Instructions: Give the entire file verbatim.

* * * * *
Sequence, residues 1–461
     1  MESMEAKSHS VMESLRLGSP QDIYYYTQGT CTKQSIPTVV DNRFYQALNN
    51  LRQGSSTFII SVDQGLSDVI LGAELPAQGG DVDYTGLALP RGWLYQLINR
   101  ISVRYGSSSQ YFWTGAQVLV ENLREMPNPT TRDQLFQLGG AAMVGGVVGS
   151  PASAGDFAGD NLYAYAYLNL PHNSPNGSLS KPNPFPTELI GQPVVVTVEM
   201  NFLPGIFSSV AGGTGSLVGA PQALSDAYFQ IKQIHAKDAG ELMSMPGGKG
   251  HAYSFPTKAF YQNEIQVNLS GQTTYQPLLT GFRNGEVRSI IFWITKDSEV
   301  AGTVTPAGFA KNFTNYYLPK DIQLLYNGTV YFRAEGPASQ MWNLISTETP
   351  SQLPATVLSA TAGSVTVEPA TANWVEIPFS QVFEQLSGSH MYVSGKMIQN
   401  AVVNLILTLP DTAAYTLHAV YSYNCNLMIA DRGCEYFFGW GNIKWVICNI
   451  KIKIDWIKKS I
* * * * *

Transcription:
Sequence, residues 1–461
     1  MESMEAKSHS VMESLRLGSP QDIYYYTQGT CTKQSIPTVV DNRFYQALNN
    51  LRQGSSTFII SVDQGLSDVI LGAELPAQGG DVDYTGLALP RGWLYQLINR
   101  ISVRYGSSSQ YFWTGAQVLV ENLREMPNPT TRDQLFQLGG AAMVGGVVGS
   151  PASAGDFAGD NLYAYAYLNL PHNSPNGSLS KPNPFPTELI GQPVVVTVEM
   201  NFLPGIFSSV AGGTGSLVGA PQALSDAYFQ IKQIHAKDAG ELMSMPGGKG
   251  HAYSFPTKAF YQNEIQVNLS GQTTYQPLLT GFRNGEVRSI IFWITKDSEV
   301  AGTVTPAGFA KNFTNYYLPK DIQLLYNGTV YFRAEGPASQ MWNLISTETP
   351  SQLPATVLSA TAGSVTVEPA TANWVEIPFS QVFEQLSGSH MYVSGKMIQN
   401  AVVNLILTLP DTAAYTLHAV YSYNCNLMIA DRGCEYFFGW GNIKWVICNI
   451  KIKIDWIKKS I